Astronomy and Astrophysics
Aims: The global aim is to calculate a set of theoretical self-similar solutions to the nonlinear diffusion equation with cylindrical symmetry that can be used as tests for MHD codes which include the ambipolar diffusion term.
Methods: First, following the general methods developed in the applied mathematics literature, we obtained the theoretical solutions as eigenfunctions of a nonlinear ordinary differential equation. Phase-plane techniques were used to integrate through the singularities at the locations of the nulls, which correspond to infinitely sharp current sheets. In the second half of the paper, we consider the use of these solutions as tests for MHD codes. To that end, we used the Bifrost code, thereby testing the capabilities of these solutions as tests as well as (inversely) the accuracy of Bifrost's recently developed ambipolar diffusion module.
Results: The obtained solutions are shown to constitute a demanding, but nonetheless viable, test for MHD codes that incorporate ambipolar diffusion. Detailed tabulated runs of the solutions have been made available at a public repository. The Bifrost code is able to reproduce the theoretical solutions with sufficient accuracy up to very advanced diffusive times. Using the code, we also explored the asymptotic properties of our theoretical solutions in time when initially perturbed with either small or finite perturbations.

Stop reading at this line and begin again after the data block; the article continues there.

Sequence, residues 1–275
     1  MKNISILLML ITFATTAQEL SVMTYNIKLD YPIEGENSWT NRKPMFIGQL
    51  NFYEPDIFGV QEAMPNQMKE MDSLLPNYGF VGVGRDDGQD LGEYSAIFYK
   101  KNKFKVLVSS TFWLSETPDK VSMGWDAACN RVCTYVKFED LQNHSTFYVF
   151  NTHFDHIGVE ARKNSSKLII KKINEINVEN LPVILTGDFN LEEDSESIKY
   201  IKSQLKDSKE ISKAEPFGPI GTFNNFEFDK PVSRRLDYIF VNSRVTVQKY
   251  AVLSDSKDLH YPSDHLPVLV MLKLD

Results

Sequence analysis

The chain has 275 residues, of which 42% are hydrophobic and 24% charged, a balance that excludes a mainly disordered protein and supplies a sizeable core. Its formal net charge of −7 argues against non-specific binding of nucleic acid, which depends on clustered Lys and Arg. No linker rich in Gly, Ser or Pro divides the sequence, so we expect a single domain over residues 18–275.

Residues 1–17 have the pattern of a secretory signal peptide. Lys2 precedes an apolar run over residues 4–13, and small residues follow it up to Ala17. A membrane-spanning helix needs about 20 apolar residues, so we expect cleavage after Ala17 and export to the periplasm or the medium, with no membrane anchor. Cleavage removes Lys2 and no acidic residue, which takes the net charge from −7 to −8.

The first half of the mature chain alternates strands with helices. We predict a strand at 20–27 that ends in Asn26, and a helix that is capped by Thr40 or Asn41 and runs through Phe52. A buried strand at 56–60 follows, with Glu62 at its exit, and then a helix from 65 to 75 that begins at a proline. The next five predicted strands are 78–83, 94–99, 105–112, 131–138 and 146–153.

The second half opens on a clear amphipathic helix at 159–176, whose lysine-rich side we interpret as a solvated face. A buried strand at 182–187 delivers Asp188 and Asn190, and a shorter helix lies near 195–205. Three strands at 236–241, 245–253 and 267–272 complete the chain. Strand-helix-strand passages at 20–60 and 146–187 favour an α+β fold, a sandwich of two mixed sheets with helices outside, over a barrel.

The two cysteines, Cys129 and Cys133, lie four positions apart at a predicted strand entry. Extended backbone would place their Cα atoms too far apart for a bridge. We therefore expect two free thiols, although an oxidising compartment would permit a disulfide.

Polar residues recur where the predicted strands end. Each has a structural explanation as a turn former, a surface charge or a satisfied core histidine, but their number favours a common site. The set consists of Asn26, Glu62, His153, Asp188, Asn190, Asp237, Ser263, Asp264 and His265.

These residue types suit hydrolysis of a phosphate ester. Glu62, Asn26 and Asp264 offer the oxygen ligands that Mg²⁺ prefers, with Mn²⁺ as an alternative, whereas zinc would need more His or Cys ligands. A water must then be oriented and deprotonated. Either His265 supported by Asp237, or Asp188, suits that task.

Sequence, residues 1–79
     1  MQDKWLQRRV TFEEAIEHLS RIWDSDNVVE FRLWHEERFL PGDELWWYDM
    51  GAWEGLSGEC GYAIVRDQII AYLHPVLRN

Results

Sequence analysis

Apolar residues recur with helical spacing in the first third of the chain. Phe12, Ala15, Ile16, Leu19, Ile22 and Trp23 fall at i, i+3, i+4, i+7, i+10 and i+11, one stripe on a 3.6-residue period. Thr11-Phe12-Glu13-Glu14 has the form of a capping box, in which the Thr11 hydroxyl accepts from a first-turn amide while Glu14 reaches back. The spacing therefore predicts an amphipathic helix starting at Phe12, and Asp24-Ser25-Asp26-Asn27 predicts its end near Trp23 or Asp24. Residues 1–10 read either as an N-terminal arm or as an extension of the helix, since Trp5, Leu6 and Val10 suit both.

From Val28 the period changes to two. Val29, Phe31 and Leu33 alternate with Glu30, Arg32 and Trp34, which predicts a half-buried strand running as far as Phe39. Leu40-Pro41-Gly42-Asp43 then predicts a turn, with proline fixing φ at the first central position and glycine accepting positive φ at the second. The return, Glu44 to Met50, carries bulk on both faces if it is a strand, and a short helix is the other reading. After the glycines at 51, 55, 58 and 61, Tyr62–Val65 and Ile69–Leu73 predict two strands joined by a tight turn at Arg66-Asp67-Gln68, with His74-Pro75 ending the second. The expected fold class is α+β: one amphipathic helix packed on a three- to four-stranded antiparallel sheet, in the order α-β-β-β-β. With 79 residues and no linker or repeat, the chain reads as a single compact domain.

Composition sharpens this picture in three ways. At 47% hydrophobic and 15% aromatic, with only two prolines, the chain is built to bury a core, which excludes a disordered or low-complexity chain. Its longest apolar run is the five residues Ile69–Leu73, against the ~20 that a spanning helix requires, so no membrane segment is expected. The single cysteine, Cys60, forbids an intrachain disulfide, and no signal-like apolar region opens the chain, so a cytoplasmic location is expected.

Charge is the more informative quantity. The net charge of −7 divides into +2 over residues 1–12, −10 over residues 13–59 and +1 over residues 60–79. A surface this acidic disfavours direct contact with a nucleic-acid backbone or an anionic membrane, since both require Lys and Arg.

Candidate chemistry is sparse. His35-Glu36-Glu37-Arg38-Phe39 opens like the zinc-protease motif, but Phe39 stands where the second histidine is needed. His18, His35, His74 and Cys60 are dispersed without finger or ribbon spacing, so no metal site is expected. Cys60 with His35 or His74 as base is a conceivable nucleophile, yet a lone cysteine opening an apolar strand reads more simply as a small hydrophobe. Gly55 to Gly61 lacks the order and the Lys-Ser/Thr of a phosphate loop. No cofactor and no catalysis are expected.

Conclusions: The functions obtained in this paper are relevant as physical solutions and also as tests for general MHD codes. They provide a more stringent and general test than the simple Zeldovich-Kompaneets-Barenblatt-Pattle solution. Movies associated to Figs. 4 and 7 are available at https://www.aanda.org
The Sun is a magnetically active star with violent eruptions that can hit Earth´s magnetosphere and cause important perturbations in our technology-dependent society. The objective of the Whole Sun project is to tackle in a coherent way for the first time key questions in Solar Physics that involve as a whole the solar interior and the atmosphere
Numerical simulation through complex computer codes has been a fundamental tool in physics and technology research for decades. The rapid growth of computing capabilities, coupled with significant advances in numerical mathematics, has made this branch of research accessible to medium-sized research centers, bridging the gap between theoretical and